School-based Programs available through HMEA are available for children over the age of 3 years who have been diagnosed with an Autism Spectrum Disorder, a developmental disability, or other behavioral challenge. Working in partnership with schools and families, we use the best practices available to develop treatment plans, educational objectives, and teaching strategies tailored to each child’s individual needs. The goal of HMEA’s school-based services is to help each child achieve his/her personal goals in school or in the community either through consultation with school professionals or via direct provision of services. School-based serves are paid for through funding provided by the local school district or through private payments.

As with our home-based programs, Applied Behavior Analysis (ABA) serves as the foundation for service provision within the school-based program – incorporating assessment, identification of objectives, systematic instruction, and data analysis. This process can be used to teach a wide variety of skills identified on a child’s IEP. Consultation and training to the child’s team of school professionals is also provided in order to help facilitate the child’s inclusion and participation in the classroom.

School-based services include:

  • Assessment – educational and functional behavioral evaluations that assess a child’s capabilities across settings and which provide specific recommendations for treatment planning
  • Clinical Design – individualized development of objectives and teaching strategies utilizing a variety of proven instructional procedures including, but not limited to, discrete-trial teaching, incidental teaching, and task-analysis methodologies, and development of behavior support plans to address maladaptive behavior
  • Education – in-school instruction on IEP goals within a structured behavioral format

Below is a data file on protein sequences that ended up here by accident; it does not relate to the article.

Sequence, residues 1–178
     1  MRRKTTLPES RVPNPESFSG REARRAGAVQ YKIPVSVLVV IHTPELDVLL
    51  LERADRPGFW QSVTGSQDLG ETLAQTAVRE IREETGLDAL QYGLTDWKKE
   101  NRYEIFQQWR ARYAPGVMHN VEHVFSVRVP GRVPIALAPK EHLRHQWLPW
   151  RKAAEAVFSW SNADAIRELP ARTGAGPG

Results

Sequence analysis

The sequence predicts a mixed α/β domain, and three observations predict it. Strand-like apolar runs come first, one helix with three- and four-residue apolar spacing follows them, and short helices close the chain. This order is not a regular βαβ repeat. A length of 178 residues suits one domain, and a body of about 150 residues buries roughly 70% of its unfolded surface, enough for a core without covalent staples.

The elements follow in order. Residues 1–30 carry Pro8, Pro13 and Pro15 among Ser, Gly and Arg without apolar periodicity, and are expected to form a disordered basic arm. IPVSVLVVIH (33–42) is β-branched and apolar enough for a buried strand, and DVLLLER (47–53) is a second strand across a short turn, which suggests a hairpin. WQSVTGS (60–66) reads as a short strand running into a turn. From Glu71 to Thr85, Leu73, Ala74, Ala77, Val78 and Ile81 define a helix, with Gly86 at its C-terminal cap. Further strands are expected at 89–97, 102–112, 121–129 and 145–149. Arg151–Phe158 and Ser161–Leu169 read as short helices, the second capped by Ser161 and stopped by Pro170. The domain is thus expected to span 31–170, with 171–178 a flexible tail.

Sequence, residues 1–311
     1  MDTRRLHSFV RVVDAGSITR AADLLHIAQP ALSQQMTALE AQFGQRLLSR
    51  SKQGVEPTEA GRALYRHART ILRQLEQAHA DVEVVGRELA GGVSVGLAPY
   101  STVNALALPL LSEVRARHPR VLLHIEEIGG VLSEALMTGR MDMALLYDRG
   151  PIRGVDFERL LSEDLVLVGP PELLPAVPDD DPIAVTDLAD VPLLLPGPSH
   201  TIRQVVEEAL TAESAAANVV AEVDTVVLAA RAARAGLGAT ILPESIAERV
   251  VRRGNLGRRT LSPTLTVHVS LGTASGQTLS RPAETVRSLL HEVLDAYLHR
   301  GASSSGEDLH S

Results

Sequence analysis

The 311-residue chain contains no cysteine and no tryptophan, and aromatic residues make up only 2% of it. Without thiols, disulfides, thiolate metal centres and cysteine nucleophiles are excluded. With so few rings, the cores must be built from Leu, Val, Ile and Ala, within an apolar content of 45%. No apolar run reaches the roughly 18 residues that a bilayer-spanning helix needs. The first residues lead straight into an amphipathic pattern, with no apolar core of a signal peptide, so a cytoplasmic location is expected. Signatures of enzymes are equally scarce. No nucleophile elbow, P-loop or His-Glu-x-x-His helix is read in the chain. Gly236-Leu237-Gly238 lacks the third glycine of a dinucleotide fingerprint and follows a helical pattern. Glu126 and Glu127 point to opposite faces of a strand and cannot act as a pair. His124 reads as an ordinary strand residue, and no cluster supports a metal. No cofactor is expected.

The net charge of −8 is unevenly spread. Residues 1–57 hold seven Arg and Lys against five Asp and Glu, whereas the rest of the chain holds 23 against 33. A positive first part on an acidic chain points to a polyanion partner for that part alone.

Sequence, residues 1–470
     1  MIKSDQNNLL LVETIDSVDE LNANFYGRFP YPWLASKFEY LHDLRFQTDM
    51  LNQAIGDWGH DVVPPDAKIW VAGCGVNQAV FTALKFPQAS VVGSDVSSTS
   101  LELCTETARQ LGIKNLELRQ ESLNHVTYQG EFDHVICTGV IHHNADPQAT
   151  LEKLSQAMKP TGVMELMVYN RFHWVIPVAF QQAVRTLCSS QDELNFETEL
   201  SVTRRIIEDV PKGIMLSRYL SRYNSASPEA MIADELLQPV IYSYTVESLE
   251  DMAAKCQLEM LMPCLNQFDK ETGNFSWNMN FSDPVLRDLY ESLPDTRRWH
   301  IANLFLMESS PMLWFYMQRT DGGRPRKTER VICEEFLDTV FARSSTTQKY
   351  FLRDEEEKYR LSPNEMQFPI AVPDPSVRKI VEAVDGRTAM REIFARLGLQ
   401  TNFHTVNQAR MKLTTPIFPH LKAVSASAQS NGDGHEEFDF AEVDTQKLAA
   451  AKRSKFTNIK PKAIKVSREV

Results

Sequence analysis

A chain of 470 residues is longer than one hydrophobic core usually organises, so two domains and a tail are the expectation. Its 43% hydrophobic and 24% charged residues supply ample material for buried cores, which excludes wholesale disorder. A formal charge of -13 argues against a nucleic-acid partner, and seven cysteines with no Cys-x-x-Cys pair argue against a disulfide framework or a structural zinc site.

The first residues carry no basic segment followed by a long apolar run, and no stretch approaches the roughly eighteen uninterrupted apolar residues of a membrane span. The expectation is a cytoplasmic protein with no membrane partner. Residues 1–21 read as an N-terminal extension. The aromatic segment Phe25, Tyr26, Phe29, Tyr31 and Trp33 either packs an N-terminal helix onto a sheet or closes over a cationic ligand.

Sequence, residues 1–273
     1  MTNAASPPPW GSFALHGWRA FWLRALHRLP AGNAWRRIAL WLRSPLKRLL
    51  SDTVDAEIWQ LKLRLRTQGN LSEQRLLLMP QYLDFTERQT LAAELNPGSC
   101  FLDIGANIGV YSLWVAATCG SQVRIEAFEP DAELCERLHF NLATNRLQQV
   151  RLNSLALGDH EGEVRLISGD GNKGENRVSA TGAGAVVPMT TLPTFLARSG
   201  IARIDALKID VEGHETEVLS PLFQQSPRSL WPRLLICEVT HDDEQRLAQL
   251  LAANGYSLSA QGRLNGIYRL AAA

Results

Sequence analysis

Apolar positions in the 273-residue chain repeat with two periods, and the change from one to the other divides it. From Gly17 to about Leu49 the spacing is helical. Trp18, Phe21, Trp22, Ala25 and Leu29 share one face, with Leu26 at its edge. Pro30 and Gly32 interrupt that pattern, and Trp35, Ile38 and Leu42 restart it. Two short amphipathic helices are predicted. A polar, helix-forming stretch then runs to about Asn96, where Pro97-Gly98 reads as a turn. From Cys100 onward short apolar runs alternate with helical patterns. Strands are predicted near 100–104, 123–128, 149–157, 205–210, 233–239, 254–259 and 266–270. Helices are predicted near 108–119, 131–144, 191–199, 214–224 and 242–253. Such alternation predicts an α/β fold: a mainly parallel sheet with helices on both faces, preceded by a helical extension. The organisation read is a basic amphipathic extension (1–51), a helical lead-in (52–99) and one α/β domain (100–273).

• Clinical Consultation – available for families and school staff to address a variety of needs

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TRACS (Transitional and Community Services)

The TRACS Program provides evaluation, training, and consultation services to ensure students with special needs aged 16 to 22 years can comfortably and successfully transition into the community after they leave high school.   The TRACS program also provides assessment, job placement, and job coaching services for adults with disabilities who are trying to re-enter the work force.

TRACS services for students:

Our focus is on providing high-school aged students with the supports they need to naturally transition from school to the world of work and adulthood.  These services are generally paid for through funding provided by the local area school district, or through private payments, and include:

  • Vocational Assessment – addresses each students’ capabilities, interests, and work experiences, and provides specific recommendations for transitional planning in the areas of work and independent living skills
  • Career Exploration – a work experience rotation through several work sites to better determine job interests or to provide initial exposure to work in the community
  • Job Development – assistance in locating, applying, and interviewing for jobs based on individual job preferences
  • Job Coaching – services that provide support and instruction at job sites
  • Home/Community Life Skills– assisting the student to develop independence in daily living skills and use of community resources

TRACS services for adults:

Our focus is on helping adults identify preferred career areas and skills that can be utilized in employment settings.  These services are generally paid for through funding provided by DDS, MRC, or MCB, and include:

  • Vocational Assessment – an evaluation to determine work preferences, strengths, and capabilities
  • Job Placement – assistance in identifying, applying, and interviewing for jobs
  • Job Coaching – services that provide support and instruction at job sites
  • Home Life Skills – support for meal planning, shopping, and food preparation; cleaning skills necessary to maintain a personal living space; telephone skills; and time management skills
  • Community Life Skills – assistance with transportation, community safety awareness, budgeting/banking, guidance with public assistance, and ordering/eating in restaurants